The cookbook I have adapted this recipe from notes you can omit the vinaigrette and toss the warm farro and squash together with the other ingredients and a pat of butter for a warm dish.  Gonna try it and let you know.  Have a feeling there are a few more cold days left this winter.


Farro, Spaghetti Squash and Pomegranate Vinaigrette

1 spaghetti squash, halved lengthwise and seeds removed (scoop them out with a big strong spoon)
2 T olive oil
kosher salt
freshly ground pepper
1 C farro
1//4 C fresh Italian/flat-leaf parsley leaves, chopped
1/2 C dried cranberries
1/2 C Pomegranate Vinaigrette
1/4 C crumbled feta or goat cheese

Preheat the oven to 375 degrees.  Drizzle the cut side of the spaghetti squash halves with the olive oil and sprinkle with kosher salt and freshly ground pepper.  Place cut-side down on a baking sheet (I usually roast things right-side up, but this worked great).  Roast until you can pull strands easily with a fork, about 45 minutes (the skin will be nice and browned).  Pull out the squash flesh with a fork and and place in a mixing bowl to cool.

Cook the faro by brining a 2 quart pot of water (with 1 heaping tsp of kosher salt added) to a boil.  Add the farro, stir and reduce heat to medium low.  Cover the pan and simmer until the farro is tender and the grains have split open or about 20-25 minutes.  Drain and cool (in the colander is fine).

Make the vinaigrette.  Add the farro to the squash along with the parsley, dried cranberries and feta.  Drizzle with the vinaigrette and taste for salt and pepper.  Toss before serving.

Pomegranate Vinaigrette
1 C pomegranate juice
1/4 C honey or agave nectar
1/2 shallot. peeled and minced
2 cloves garlic, minced
2 T red wine vinegar
juice of one lemon
1/4 C or more of olive oil
kosher or coarse salt
freshly ground pepper

Pour the pomegranate juice into a non-reactive saucepan and place over medium-low heat.  Add the honey or agave and gently simmer until the juice has reduced to 1/4-1/2 C and is thick and syrupy (about 10-15 minutes).  Set aside to cool.

In a small bowl or jar, combine the pomegranate syrup, shallot, garlic, vinegar, lemon juice and olive oil.  Shake of whisk to blend.  Season lightly with salt and pepper to taste.  Start with 1/4 C olive oil and add more if you like the taste or appearance better.  I was fine with the smaller quantity.  Extra vinaigrette keeps in the refrigerator for about a week.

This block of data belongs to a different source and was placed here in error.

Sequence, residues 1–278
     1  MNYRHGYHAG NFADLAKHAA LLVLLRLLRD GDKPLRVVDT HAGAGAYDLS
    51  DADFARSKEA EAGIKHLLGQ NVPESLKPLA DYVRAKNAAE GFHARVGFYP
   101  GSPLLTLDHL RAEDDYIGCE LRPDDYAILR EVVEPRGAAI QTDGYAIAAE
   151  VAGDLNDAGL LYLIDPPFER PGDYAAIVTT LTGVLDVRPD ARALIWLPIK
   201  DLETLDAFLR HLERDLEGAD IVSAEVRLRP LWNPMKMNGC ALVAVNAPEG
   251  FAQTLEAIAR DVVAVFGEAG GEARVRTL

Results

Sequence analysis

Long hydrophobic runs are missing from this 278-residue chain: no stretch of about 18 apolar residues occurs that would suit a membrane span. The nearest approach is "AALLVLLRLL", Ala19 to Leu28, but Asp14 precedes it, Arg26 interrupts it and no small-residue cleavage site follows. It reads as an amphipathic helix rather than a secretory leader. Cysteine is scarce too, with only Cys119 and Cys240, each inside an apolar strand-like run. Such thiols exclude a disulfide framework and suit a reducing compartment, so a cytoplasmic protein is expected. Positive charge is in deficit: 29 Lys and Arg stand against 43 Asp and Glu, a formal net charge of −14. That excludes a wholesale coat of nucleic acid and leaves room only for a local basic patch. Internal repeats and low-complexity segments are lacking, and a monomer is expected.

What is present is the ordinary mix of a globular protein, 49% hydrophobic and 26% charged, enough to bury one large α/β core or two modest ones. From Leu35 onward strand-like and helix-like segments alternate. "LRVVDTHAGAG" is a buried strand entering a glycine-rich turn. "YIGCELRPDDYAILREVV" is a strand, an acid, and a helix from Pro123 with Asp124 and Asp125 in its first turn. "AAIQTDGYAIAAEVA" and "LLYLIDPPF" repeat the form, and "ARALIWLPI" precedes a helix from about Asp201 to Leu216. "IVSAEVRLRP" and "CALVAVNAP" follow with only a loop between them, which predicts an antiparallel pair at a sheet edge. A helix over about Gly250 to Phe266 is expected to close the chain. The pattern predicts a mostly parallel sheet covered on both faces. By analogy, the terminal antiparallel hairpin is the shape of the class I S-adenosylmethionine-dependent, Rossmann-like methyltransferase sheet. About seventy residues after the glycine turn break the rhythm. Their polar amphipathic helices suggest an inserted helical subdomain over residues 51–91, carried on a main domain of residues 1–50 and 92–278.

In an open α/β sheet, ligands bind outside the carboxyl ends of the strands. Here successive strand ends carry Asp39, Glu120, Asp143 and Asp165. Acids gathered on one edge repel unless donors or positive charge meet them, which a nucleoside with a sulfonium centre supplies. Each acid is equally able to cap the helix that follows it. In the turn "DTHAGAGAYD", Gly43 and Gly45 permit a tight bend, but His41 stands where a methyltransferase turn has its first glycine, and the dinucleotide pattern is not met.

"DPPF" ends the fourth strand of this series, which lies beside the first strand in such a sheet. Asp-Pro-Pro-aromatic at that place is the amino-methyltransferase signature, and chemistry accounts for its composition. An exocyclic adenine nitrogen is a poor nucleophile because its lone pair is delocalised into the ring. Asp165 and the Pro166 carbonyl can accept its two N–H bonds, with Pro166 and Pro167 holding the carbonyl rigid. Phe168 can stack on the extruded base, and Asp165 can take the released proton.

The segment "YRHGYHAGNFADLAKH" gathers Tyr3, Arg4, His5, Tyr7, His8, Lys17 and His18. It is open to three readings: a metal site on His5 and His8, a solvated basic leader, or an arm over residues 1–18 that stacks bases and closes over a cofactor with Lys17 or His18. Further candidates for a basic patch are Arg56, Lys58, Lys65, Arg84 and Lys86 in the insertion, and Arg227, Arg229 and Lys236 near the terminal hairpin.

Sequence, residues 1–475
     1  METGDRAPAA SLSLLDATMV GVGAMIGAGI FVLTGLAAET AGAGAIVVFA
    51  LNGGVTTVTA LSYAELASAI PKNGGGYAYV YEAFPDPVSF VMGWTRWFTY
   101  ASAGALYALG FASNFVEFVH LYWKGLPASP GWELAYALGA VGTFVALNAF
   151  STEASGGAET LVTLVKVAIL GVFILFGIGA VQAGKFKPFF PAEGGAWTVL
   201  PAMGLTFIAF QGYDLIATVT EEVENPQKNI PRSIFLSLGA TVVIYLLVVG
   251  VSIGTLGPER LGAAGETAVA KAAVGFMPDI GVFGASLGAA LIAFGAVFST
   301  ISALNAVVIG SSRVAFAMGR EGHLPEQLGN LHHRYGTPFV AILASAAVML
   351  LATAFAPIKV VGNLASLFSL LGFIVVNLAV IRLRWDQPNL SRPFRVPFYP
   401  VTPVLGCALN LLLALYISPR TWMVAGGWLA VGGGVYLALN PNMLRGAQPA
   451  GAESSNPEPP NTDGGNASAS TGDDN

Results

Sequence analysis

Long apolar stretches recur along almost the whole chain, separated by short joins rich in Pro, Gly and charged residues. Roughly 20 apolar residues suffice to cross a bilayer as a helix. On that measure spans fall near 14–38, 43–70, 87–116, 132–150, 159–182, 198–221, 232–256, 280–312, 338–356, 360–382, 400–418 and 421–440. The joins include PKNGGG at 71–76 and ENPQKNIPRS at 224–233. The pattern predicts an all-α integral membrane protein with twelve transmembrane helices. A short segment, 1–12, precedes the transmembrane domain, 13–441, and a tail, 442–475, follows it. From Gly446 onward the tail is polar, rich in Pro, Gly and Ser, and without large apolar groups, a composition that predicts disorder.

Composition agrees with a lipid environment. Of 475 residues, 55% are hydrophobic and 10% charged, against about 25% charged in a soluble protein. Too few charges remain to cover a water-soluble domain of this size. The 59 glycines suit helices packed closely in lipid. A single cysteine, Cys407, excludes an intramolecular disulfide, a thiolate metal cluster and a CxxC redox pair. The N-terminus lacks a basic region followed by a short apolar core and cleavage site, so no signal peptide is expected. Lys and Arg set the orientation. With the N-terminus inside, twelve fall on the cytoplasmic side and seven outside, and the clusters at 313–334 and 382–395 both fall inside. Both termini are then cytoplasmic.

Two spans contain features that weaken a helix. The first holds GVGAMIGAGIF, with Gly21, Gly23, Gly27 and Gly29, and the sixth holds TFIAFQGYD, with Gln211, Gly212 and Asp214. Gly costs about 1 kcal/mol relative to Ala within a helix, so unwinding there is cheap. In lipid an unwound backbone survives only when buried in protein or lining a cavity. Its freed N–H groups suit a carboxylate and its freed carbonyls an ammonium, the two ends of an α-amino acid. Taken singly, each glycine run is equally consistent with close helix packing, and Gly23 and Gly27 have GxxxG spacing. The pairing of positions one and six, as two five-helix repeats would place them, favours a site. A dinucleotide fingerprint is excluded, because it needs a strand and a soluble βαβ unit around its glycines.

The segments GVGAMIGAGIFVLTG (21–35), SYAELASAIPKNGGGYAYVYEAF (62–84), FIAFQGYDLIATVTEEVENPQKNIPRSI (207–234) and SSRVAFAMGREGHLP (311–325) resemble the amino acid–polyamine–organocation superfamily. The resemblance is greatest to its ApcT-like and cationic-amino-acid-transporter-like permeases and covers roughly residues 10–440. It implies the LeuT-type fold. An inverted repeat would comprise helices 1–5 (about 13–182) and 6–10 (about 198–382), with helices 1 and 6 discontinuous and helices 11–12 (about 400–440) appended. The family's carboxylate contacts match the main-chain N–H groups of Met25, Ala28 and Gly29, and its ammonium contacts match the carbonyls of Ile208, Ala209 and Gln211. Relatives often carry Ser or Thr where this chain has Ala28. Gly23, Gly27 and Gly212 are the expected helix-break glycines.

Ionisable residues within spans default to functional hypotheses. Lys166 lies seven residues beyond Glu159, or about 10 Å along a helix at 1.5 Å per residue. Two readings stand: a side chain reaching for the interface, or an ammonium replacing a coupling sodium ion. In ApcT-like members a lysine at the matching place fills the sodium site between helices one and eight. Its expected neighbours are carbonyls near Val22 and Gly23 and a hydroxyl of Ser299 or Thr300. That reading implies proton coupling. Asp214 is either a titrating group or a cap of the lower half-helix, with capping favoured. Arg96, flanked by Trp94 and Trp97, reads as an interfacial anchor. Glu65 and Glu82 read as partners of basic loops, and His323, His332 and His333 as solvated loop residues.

Serves 8-10

ingredients

squash ready to roast

roasted and fork tender

pomegranate syrup in the making

ready to toss

now we have vinaigrette and feta in the photo

ta-da!






Saturday, February 15, 2014

We interrupt our previously scheduled post for: Cherry Almond Crisp

Yep, half way through my next Lemonade/California post and I decide that we need dessert for Valentine's Day, I make something with what I have on hand and it turns out to be outrageously good.  So, we'll take a detour because we do that all the time.

Greg did take me to Petit Chou for their Valentine's weekend dinner on Thursday.  It was sweet and quiet there on a cold Thursday night.  It was also delicious.  So I cooked dinner Friday night after another nice ski around the hood after a (surprise) 5-plus inches of snow fell while I was at work.  Roasted asparagus with blood orange creme balsamic vinegar (splurge from Whole Foods that was totally worth it).  Chicken piccata deglazed with a yummy Chardonnay and brightened with lots of lemon and capers.  Salad, the basic kind.  And then cherry almond crisp.

Costco sells a really terrific big bag of frozen cherries with tart and sweet whole cherries that are perfect in my morning yogurt or muesli.  I've had my eye on that bag for a dessert too.  Almonds and cherries pair perfectly so I thought I'd go all nutty and use almond meal instead of flour in the crisp topping.  Bingo!  Ha, that was an unintentional pun.  Delicious.  One note, I do not have almond extract but I do have almond emulsion from King Arthur Flour.  It's thicker, but I'm pretty sure the pure extract would work just the same.

It's Presidents' Day this coming week so make a cherry dessert in honor of our first president.


Cherry Almond Crisp

4 C frozen cherries (tart or mixed)
1/2 C sugar
2 T cornstarch
1 tsp almond emulsion/extract

1/2 C old fashioned oats
1/2 C almond meal/almond flour
1/2 C loosely measured light brown sugar
1/4 tsp kosher salt
1/2 tsp cinnamon
1/8 tsp nutmeg (freshly grated is nice)
4 T unsalted butter

Preheat oven to 375 degrees.  Spray baking dish with cooking spray and set aside.  I used an 8x8x2 dish but any shape or size in the 2 quart range would work.

In a medium bowl, toss frozen cherries (do not thaw) with sugar, cornstarch and almond emulsion/extract.  Pour cherries into prepared baking dish.
In a separate bowl, stir together oats, almond meal, brown sugar, salt, cinnamon and nutmeg.  Cut in the unsalted butter using a pastry blender, two forks or work it through with your fingers until some big crumbs form.  Distribute evenly over cherries.  Bake at 375 degrees for about 40 minutes until hot and bubbly.  Loosely cover with foil if getting too brown.  Eat warm with vanilla ice cream, yogurt of whipped cream.